Firstly, suddenly every star kid in the industry was offered another major launch with the flawed reasoning that Hrithik had hit just because he happened to be born in the industry.  It wasn’t just producers who were confused about this, the media was too.  And still is, we are now dealing with a massive obsession with star children in a way that just wasn’t there before because everyone thinks there will be another Hrithik.  And all of the new media has focused its potential on tracking every move of these poor kids.  In a way that isn’t true in any other popular culture industry that I know of anywhere else in the world.

Secondly, Hrithik’s success was the death knell for the gang involvement in the industry.  Which is generally a good thing, I’m not “pro-mobster” by any means.  But it was bad because in that vacuum after the mob left, the corporate houses descended and quickly took control. The mob left because Rakesh Roshan was shot, in an attempt to scare his son into agreeing to work for the mob.  And that was kind of the last straw.  Along with a lot of other last straws.  Bombay was immersed in a gang war, gangsters didn’t have quite as much time to deal with movie business.  More and more funding was coming from banks and multinational corporations.  Oh, and Priety Zinta testified in court about threats she received from Salman Khan and others related to a promotional tour for Chori Chori Chupke Chupke, gaining her the nickname “the only Man in Bollywood”.

Image result for Nazim Rizvi

(Salman with Nazim Rizvi, the mobbed up producer of Chori Chori Chupke Chupke)

And so here we are today, in the years after Hrithik.  On the one hand, studios are now treated as “corporations”.  Hiring is expected to be related to resumes and graduate certificates, not on personal connections like Johnny Walker being spotted collecting tickets on a bus, or Guru Dutt and Dev Anand meeting over a laundry mishap.

But on the other hand, that “community” is still there.  It can’t go away as easily as that.  Just this week, the release of Sarkar 3 was rescheduled last minute because Aishwarya Rai’s father died.  That’s not normal!!!  Would any other industry in the world delay a major product launch because someone’s son’s father-in-law died?  Of course not!  They probably wouldn’t even know it happened, because it’s not the kind of thing people who are just business partners share with each other.  Or how about when Yash Chopra died, literally the entire Hindi film industry shut down for the funeral.  Studios closed their doors, the Mumbai Film Festival canceled all events, location shoots throughout India and the world were canceled so the stars and crew could fly home.  This is what happens in a family, not a business.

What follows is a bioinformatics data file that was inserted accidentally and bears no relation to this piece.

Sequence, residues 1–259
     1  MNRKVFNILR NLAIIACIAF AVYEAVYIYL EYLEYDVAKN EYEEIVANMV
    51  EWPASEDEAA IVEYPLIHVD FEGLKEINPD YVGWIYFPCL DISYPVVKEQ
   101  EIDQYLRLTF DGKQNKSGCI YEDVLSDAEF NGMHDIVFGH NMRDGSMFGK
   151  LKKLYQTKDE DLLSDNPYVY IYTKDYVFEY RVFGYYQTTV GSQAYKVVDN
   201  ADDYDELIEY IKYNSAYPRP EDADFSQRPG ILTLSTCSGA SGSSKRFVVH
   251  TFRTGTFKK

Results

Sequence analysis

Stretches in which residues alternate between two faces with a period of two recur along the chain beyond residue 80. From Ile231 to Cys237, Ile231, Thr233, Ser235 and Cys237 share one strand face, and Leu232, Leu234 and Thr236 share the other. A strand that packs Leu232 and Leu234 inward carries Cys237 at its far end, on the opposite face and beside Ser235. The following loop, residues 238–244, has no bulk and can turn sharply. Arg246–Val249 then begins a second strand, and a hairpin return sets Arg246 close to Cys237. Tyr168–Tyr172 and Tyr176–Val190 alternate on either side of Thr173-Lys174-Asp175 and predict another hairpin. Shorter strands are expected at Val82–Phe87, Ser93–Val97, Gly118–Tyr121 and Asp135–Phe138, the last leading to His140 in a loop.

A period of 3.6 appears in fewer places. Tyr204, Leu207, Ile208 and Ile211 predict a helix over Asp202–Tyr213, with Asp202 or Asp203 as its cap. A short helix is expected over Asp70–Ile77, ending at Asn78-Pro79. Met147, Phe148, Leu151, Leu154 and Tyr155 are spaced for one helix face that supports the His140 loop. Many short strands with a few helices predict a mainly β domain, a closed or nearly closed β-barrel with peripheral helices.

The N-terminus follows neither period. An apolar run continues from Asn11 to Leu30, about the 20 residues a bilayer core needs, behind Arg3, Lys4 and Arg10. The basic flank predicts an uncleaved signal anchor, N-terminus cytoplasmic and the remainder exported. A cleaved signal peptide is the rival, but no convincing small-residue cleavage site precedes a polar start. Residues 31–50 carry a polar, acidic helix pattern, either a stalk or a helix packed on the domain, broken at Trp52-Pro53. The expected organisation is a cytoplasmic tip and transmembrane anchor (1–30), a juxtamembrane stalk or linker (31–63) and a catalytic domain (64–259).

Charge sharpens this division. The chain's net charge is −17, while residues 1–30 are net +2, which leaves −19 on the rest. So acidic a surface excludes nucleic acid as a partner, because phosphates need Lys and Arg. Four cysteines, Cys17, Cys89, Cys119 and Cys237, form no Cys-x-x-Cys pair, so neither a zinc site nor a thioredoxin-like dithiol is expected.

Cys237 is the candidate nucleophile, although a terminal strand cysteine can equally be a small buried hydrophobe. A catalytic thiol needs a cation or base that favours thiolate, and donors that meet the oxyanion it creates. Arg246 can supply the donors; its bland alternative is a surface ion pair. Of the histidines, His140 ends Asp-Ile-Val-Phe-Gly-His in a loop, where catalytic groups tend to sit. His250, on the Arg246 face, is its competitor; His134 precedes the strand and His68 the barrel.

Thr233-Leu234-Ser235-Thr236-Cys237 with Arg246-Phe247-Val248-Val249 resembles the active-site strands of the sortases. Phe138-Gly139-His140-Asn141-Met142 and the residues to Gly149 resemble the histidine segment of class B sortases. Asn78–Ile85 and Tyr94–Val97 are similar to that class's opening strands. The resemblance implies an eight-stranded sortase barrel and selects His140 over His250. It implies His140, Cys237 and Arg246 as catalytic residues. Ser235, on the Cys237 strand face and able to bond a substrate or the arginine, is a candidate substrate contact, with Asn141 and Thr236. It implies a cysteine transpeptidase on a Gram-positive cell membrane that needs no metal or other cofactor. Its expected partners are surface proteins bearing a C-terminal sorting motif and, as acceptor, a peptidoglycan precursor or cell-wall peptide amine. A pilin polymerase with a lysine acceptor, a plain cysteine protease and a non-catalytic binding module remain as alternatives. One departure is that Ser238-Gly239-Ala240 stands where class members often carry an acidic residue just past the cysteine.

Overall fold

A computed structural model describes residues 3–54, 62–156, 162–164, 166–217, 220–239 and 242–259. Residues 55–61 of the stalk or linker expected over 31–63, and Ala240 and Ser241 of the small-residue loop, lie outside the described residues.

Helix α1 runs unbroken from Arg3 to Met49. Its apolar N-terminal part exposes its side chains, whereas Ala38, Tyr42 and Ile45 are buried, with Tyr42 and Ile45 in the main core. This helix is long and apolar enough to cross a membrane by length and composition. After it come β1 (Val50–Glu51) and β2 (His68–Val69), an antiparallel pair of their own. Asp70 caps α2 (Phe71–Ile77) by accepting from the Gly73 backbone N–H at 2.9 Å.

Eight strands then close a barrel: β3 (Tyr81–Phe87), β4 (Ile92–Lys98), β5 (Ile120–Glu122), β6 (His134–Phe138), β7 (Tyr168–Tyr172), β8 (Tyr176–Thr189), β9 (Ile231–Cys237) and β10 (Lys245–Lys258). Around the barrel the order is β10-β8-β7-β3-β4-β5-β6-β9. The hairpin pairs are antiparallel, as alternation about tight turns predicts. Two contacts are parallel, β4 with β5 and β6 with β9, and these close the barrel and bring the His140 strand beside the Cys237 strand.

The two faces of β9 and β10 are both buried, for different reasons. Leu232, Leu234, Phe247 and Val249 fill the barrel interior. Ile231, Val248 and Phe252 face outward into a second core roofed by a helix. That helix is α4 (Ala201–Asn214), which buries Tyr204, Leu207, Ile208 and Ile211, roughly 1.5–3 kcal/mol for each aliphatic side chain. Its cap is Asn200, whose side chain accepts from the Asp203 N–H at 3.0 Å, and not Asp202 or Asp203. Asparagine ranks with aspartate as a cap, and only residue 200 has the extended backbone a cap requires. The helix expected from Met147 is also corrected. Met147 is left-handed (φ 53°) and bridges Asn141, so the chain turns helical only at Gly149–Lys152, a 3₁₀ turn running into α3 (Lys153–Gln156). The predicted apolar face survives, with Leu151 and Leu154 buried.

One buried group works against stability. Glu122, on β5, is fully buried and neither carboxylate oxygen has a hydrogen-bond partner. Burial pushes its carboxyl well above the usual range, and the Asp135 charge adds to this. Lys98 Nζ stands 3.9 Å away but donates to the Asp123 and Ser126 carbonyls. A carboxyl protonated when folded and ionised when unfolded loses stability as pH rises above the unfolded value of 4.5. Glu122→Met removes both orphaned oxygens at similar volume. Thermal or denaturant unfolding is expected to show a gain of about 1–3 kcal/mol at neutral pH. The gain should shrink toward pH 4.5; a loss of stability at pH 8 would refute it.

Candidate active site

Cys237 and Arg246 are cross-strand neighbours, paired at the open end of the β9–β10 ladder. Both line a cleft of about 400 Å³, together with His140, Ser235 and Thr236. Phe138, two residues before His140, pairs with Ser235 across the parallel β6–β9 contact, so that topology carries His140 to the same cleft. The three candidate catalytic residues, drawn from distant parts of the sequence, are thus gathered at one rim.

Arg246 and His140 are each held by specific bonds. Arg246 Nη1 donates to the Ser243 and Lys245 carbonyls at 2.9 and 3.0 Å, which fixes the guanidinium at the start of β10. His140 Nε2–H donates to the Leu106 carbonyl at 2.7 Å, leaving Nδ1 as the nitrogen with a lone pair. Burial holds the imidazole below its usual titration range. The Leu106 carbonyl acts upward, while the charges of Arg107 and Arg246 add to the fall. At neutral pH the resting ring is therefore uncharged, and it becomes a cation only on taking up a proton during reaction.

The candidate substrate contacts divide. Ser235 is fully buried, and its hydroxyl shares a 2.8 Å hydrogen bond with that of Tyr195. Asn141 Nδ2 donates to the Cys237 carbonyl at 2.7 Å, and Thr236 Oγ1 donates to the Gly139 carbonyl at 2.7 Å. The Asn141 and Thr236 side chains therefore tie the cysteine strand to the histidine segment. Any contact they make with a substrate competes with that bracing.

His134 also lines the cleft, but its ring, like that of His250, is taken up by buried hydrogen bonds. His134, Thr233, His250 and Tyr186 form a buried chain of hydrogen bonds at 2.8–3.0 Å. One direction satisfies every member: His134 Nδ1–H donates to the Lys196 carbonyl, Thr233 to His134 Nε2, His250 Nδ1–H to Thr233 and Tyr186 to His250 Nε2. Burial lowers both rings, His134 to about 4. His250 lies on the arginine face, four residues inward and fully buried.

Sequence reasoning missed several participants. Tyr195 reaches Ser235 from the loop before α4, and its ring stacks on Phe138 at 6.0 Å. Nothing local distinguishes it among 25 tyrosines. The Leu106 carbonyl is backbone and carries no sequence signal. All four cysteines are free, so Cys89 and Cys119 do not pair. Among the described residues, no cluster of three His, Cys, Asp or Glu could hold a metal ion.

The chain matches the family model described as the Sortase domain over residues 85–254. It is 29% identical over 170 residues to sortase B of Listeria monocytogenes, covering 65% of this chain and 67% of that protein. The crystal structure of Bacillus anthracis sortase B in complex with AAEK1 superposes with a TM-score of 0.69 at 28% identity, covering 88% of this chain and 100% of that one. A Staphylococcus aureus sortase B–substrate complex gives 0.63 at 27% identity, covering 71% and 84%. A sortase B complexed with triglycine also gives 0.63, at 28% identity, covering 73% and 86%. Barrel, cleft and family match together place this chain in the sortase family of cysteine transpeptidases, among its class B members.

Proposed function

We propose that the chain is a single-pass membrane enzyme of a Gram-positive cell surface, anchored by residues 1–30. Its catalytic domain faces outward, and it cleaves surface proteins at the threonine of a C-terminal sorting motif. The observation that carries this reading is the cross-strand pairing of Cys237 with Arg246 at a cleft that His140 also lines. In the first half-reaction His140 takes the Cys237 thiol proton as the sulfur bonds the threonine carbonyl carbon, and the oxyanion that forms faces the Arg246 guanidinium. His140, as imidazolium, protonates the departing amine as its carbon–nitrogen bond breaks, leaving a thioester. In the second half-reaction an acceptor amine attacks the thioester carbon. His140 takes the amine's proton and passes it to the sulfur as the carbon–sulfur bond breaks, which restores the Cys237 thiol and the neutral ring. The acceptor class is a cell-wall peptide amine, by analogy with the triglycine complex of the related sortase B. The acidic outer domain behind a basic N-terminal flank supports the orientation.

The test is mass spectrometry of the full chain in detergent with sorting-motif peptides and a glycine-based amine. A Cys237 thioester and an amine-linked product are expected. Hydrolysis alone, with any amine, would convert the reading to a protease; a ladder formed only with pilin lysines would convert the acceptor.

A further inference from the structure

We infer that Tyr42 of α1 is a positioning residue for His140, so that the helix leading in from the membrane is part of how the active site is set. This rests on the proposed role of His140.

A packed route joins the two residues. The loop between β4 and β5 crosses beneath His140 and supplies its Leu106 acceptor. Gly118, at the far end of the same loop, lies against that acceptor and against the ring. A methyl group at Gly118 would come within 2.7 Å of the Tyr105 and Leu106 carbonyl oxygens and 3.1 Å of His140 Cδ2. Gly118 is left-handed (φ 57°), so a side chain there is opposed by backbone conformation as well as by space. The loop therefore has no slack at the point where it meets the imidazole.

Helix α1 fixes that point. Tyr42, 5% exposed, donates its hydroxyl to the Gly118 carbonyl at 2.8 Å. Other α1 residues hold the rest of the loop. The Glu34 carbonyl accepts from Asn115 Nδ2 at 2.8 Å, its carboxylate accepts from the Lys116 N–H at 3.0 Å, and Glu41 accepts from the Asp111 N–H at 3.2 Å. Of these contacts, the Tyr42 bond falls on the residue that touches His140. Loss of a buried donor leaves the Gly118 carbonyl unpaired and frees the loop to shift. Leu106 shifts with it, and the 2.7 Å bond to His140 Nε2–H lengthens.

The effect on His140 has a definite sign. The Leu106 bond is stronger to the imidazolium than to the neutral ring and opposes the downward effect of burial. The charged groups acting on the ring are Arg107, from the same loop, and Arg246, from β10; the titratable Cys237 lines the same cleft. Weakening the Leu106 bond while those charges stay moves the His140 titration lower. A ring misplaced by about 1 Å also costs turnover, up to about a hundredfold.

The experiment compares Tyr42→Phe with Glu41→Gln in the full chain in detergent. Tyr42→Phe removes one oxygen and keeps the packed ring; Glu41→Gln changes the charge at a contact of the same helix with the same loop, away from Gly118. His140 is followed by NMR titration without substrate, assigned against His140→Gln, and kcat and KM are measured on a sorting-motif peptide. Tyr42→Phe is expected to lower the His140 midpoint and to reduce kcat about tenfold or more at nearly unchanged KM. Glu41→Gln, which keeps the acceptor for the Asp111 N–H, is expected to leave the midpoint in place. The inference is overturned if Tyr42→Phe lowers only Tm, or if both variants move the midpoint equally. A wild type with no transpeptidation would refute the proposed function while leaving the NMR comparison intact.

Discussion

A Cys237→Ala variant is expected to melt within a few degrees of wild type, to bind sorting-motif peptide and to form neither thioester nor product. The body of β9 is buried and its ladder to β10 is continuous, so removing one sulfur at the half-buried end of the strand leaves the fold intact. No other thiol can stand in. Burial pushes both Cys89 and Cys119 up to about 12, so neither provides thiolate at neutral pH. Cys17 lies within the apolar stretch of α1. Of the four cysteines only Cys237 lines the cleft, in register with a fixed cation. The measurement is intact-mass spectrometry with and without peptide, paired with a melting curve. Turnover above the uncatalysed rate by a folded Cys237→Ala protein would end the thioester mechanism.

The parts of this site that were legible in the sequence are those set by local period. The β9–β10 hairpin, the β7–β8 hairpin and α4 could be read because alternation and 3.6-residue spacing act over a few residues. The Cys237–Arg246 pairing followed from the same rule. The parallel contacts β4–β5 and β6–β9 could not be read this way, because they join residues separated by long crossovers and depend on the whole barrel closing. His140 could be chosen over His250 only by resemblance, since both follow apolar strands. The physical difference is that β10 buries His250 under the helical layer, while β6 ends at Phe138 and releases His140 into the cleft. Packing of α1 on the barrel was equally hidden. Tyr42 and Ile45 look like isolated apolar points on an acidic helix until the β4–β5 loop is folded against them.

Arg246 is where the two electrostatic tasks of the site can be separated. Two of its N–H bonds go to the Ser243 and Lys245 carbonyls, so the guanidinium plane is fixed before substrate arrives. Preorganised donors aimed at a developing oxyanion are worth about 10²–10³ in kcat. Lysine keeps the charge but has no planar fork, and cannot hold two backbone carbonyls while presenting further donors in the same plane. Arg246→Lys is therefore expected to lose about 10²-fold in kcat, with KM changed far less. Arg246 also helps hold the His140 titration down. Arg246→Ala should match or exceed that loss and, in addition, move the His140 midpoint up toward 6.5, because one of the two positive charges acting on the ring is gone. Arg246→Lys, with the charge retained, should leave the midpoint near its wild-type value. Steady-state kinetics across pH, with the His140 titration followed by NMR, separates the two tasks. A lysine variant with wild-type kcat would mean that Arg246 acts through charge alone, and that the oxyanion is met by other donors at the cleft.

Image result for yash chopra funeral

(Just the fact of co-workers routinely going to each other’s family funerals, that’s not a thing in “corporate” worlds.  Let alone the way they are all clearly struggling with actual grief, not just “for the sake of appearances” grief)

And, this is just my personal opinion, but I think that “family” aspect is a strength, not a weakness.  American film has never had a family vibe to it.  Because American businessmen are, frankly, horrible people.  The early film studios were called “factories” and that’s exactly how they were run.  Artists were just cogs in the assembly line, disposable.  And disposed of, you don’t have to do much digging to find dozens of people who were chewed up and spit out by that machine (Judy Garland, for instance, given hard drugs as child by Louis B. Mayer so she would stay “peppy”).

And that’s where we are today.  There is an outside perception that Hindi film should be an “industry”, because it has that gloss to it.  International investment, big office buildings, and more and more objective measurements of success, from box office to graduate certificates in specialized programs.

Image result for film and television institute of india

(until 1960 and the founding of the Film and Television Institute of India, there was absolutely no film program in India, on the job training was the only kind of training.  Now, more and more bright young upper upper middle class kids are trying to skip that step by going overseas and coming back with a fancy international degree in film, just like you would with engineering or medicine.  A film degree which everyone from Ranbir Kapoor to James Cameron to Quentin Tarantino has acknowledged teaches you less than 6 months working on a real set.)